We are to restore the person gently. Gentleness is a gift of the Holy Spirit. The Greek word for gentleness is difficult to translate. It means to use consideration for the person and not to give great attention to the sin. The goal is not to emphasize the misstep, but to restore the person in their walk in the Spirit as they follow Christ.

Martin Luther lectured on this passage in 1519 saying that, “we should be more ready to extenuate than to exaggerate.” In other words, give the person a break, or give him the benefit of the doubt. He continues that to “exaggerate the sin” is characteristic of the devil and slanderers.” Luther cites St. Augustine, “Nothing so demonstrates the spiritual man as his treatment of someone else’s sin, when he plans how to set him free rather than how to deride him, how to help him rather than how to revile him.”

Again, Luther, “when our conscience accuses us, the Holy Spirit protects us in the presence of God and comforts us by giving a good testimony to our conscience and to our trust in God’s mercy. He excuses, extenuates, and completely covers our sins. On the other hand, He magnifies our faith and good works.” What the Holy Spirit does in our life St. Paul urges us to do likewise in the lives of our brothers and sisters in the family of Christ.

Having urged us to act as spiritual people, Paul has a warning for us. “Keep watch on yourself, lest you too be tempted.” Part of the reason any misstep by a candidate for public office is enlarged for all to see is that it works. We are attracted to that sort of negative thing.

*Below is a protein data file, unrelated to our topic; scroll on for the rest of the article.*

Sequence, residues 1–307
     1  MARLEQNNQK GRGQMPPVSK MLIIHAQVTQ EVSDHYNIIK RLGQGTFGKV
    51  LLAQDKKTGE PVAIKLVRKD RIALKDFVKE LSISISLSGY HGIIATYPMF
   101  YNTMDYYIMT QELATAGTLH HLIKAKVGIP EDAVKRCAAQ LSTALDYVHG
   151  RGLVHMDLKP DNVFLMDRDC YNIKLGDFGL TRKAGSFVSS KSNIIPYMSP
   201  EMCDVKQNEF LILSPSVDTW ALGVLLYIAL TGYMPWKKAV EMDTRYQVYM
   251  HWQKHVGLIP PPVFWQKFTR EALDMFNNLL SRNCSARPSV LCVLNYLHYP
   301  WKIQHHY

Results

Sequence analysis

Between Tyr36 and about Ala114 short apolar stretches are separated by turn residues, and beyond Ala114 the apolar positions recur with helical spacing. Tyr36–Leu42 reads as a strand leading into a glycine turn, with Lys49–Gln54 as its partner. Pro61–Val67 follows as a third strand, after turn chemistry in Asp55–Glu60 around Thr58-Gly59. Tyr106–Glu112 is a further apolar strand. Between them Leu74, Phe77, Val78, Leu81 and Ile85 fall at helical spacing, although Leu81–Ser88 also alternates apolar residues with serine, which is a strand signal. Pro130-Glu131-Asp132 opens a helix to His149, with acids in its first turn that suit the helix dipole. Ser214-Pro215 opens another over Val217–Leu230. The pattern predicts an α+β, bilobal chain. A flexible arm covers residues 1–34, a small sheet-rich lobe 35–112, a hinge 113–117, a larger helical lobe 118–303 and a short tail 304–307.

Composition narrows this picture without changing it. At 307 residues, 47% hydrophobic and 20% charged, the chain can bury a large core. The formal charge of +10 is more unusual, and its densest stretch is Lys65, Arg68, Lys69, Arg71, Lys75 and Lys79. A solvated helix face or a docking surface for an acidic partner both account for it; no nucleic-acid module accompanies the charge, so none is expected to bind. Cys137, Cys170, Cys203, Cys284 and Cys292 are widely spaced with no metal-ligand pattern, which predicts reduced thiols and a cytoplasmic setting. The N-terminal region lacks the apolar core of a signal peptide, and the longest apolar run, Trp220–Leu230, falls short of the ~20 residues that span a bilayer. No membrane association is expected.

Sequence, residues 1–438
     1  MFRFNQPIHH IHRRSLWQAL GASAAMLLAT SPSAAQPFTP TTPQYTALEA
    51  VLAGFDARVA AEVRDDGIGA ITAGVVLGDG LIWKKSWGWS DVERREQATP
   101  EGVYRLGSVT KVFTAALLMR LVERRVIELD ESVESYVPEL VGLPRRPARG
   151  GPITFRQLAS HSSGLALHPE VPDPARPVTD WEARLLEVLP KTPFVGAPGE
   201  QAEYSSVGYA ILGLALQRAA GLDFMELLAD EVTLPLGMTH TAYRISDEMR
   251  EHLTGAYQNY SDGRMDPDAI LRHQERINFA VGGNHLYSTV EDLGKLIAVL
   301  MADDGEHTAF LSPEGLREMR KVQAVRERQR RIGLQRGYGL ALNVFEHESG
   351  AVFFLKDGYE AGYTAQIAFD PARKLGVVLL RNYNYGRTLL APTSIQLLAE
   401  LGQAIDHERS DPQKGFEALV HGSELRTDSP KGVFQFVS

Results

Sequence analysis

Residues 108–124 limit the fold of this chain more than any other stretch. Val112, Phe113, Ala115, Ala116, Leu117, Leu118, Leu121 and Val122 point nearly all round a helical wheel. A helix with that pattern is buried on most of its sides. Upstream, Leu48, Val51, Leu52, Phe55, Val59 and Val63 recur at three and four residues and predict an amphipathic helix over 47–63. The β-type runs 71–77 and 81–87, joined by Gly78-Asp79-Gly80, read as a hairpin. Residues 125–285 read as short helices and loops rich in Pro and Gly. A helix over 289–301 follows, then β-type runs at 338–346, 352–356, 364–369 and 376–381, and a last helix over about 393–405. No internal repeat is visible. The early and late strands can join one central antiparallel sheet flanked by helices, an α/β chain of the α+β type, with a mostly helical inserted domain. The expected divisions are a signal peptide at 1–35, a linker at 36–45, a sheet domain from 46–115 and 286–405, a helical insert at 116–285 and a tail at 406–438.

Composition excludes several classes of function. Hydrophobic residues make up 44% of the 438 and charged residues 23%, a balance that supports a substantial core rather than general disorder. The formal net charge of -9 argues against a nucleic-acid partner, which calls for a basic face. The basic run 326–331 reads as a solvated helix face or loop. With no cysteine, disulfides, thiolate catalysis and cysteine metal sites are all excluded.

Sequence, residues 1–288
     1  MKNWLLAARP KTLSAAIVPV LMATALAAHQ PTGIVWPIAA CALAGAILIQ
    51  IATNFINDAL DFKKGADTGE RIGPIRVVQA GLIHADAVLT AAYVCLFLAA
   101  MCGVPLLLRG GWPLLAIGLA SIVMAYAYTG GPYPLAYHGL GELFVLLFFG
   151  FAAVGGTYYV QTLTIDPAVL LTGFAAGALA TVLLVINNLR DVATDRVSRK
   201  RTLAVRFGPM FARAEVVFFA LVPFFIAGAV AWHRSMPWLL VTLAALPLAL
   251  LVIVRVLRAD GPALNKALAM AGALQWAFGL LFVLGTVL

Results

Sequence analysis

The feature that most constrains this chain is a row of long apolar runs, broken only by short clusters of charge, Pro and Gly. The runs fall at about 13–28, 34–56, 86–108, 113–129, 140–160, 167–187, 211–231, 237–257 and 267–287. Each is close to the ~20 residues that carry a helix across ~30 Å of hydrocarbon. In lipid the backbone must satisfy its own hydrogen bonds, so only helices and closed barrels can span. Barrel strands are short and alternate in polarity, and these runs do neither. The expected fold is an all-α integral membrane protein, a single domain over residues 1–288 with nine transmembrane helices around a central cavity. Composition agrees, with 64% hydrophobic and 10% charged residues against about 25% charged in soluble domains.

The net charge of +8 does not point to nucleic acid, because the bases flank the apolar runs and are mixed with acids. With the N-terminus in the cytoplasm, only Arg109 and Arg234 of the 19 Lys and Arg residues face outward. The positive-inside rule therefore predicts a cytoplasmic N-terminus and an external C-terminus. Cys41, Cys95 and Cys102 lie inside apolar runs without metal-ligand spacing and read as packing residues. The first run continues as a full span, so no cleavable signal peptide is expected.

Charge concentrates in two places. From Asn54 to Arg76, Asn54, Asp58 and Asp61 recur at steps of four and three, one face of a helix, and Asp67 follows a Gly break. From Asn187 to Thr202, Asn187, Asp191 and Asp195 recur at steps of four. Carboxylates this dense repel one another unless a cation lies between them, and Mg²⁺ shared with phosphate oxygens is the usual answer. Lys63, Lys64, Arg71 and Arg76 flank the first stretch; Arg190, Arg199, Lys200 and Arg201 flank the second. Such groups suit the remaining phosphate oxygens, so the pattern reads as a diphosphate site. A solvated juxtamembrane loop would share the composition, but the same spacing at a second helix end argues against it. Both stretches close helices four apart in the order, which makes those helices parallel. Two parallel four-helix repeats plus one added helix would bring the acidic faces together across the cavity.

But Paul reminds us, “For anyone who thinks he is something.” Anyone who believes he can stand on his own two feet before God, has taken a misstep with serious consequences for a great fall is in store. We are nothing without Christ. We have nothing without Christ. We are deceiving ourselves. For in the judgment, we will have to be accountable for our own actions. It does us no good to compare ourselves to our brother and sister in Christ. We may not be inclined to the same misstep they are, but we each have our own potholes and divots we are inclined to step in. More than that, having restored someone in the spirit of gentleness, we may take pride in how spiritual and humble we are. “I did well,” our inner self, informs us.

Therefore, St. Paul leads us once more to the cross. We do not ever seem to get away from the cross, do we? Thank God for that. Paul reminds us, “Far be it from me to boast except in the cross of our Lord Jesus Christ.” He invites us also to lift high the cross. For only in the story of Jesus’ death on the cross and his resurrection from the grave do we find the means and the power to restore the brother or sister who has slipped. We glory in the story of the cross for from the cross comes the message that the Holy Spirit uses to stand us also on our two feet when we have slipped.

Now let me give you something to think about.  Remember sneezing Jeffy at the beginning of the sermon?  How would you handle his sister’s cry, “Do I hafta God bless him?”  And the barbecue stuffing woman, how might her friends have welcomed her back from her ordeal?  What can we learn from the apostle Paul about how we deal with each other in love in the times we sin against each other at Zion, in Bunker Hill.